2010    104,032  (up +39% on 2009)     link to 2010 data
2009    74,680  (down – 31% on 2008)
2008   107,702  (down 37% on 2007)
2007   171,078 (down 19% on 2006)
2006   211,857
2005   222,778
2000   318,905
2006   266,975

Future plans:  40 million passengers per year  by 2015.

Second runway, after 2019

Consultative Committee:  Gatwick Area Consultative Committee  (GACC)

Serviced by West Sussex County Council.  Chairman John Godfrey, Vice Hilary Sewill.
Good support for environmental issues.


Local residents’ or airport opposition group :

Gatwick Area Conservation Campaign.  (GACC)
Founded 1965. Membership includes over 100 councils and environmental groups.
also Gatwick Can Be Quieter (GatCan)



Recent news about Gatwick Airport  See Gatwick News


Gatwick Airport Website   – facts and figures about Gatwick


Proportion of domestic passengers, out of total passengers
CAA  statistics, annual figures   – comparing Tables 9 and 10.2
2006       11.9%
2007       11.4%
2008       10.9%

Business Aviation:   Number of business flights (= private jets)

CAA  statistics, annual figures –  Table 3.1
2007             475   (+ 1,499 air taxis)
2008         5,412 (+ 1,482 a ir taxis)

Gatwick Airport signs up to new legal commitments  15.12.2008

05 January 2009    London Gatwick Airport has signed a new legal agreement with West Sussex County Council and Crawley Borough Council. The agreement outlines how the airport’s operation, growth and environmental impacts will be managed responsibly. It underpins the important relationship between the airport owner and its local authorities with responsibility for planning, environmental management and highways.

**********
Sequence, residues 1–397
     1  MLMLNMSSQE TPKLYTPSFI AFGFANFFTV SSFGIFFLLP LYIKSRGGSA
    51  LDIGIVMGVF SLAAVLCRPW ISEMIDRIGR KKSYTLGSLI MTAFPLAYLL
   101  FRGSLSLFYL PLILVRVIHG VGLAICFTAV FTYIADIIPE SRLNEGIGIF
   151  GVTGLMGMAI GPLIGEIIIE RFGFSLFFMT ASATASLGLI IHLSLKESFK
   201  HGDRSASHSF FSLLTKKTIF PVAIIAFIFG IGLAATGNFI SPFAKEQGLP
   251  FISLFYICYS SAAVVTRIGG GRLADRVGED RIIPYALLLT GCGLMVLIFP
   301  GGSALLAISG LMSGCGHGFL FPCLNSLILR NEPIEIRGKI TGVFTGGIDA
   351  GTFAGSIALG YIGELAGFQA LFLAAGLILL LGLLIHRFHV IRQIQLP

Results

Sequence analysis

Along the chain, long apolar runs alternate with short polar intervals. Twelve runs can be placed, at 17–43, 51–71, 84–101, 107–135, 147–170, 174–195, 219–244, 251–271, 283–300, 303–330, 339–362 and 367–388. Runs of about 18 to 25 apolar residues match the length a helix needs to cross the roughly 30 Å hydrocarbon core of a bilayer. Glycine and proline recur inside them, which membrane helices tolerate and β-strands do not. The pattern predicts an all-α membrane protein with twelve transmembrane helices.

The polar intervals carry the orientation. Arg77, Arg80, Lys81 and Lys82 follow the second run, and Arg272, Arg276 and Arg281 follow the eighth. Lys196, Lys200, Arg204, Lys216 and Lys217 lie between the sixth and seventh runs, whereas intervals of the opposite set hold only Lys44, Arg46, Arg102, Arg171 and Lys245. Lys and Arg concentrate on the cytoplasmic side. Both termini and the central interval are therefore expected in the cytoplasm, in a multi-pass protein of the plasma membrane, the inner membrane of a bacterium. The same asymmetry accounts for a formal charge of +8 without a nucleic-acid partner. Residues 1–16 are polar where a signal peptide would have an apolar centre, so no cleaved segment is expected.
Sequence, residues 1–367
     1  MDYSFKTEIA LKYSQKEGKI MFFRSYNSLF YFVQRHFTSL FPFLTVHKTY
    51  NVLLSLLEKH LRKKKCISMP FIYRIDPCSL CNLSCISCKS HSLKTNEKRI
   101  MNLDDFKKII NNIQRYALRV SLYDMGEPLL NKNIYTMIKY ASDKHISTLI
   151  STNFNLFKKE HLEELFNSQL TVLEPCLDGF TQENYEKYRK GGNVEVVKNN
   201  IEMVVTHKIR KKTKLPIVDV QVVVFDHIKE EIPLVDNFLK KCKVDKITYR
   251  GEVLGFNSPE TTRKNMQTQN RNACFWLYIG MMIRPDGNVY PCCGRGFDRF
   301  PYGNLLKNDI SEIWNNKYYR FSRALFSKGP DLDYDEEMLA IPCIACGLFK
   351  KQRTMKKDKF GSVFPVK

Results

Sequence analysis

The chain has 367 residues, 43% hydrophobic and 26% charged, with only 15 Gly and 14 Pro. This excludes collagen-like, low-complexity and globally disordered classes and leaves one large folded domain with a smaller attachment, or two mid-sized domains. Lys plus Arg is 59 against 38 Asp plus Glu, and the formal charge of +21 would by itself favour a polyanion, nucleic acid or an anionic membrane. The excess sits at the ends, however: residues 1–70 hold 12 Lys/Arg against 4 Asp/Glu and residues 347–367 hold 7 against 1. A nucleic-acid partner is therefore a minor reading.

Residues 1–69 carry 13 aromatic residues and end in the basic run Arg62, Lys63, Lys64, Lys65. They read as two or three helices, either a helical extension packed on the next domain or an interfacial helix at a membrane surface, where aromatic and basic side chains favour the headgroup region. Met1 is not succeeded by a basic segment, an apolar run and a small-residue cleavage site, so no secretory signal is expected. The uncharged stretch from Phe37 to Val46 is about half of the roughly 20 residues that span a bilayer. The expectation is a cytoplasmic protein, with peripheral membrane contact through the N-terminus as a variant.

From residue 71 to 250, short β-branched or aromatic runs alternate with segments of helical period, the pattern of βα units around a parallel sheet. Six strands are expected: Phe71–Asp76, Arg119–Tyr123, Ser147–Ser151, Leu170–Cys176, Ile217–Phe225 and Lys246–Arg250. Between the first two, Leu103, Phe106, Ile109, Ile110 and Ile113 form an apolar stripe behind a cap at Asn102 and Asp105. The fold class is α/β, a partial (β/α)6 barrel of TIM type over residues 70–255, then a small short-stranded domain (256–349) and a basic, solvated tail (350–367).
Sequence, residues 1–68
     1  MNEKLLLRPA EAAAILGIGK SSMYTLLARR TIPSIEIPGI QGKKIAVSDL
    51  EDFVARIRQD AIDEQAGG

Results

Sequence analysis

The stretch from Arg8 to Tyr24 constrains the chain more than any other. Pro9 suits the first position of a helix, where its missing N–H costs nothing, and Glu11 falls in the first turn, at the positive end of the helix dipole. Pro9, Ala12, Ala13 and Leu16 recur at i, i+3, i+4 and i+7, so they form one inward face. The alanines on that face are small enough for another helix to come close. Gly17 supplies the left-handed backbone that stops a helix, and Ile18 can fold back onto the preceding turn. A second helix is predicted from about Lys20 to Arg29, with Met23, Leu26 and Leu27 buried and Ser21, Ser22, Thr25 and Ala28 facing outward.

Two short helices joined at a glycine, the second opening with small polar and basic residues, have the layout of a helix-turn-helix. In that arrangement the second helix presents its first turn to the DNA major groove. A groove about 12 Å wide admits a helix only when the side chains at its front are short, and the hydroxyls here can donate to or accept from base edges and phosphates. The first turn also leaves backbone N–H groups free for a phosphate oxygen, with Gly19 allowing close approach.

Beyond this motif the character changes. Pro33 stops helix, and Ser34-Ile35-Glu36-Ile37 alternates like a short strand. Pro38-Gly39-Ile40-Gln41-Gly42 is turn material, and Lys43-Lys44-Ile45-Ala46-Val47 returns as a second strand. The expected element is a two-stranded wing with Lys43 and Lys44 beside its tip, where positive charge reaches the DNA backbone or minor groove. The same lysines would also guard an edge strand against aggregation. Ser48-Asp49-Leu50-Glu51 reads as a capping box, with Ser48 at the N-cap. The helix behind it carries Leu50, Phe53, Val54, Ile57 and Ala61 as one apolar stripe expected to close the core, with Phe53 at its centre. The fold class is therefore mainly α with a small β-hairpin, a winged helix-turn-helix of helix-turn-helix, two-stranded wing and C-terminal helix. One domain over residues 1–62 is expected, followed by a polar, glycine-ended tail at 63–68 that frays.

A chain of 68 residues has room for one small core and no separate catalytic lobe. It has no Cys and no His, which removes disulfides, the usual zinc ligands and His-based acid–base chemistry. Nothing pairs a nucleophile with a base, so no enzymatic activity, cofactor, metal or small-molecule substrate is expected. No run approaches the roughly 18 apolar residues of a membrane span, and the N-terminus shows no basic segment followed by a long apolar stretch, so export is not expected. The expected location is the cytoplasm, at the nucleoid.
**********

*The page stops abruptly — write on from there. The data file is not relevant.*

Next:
The new legal agreement, reached after a process of consultation and discussion with a wide range of stakeholders, contains wide ranging objectives and obligations. In addition to West Sussex County Council and Crawley Borough Council, in whose areas the airport lies, seven other adjoining councils were consulted.

This new agreement and London Gatwick Airport’s interim master plan supersede the Gatwick Airport Sustainable Development Strategy, published in July 2000 and the original legal agreement signed in 2001. The new agreement will run until the end of 2015.

“The signing of this agreement between the airport and our two local authorities is of great importance to all of us and builds on the original ground-breaking agreement,” Andy Flower Managing Director London Gatwick Airport said. “It will bring significant benefits to the airport and the community it serves and affects. It demonstrates a desire for all those involved to see the airport grow to 40 million passengers per year and to delivering new capacity for the south east, whilst balancing our environmental impacts. We are entering a new chapter in Gatwick’s history with the sale of this national asset and this legal agreement continues to define Gatwick’s future and the role it will play in the local, regional and national economy.”

The key issues addressed in the agreement include climate change; air quality; noise; surface access; land use, development and bio-diversity; community and the economy; action planning and monitoring and reporting.

 BAA press release 5.1.2009

Gatwick and climate change:
 “Gatwick – wrecking climate change targets”   (published May 2007)  – a new study of the climate change caused by flights from Gatwick airport, by GACC.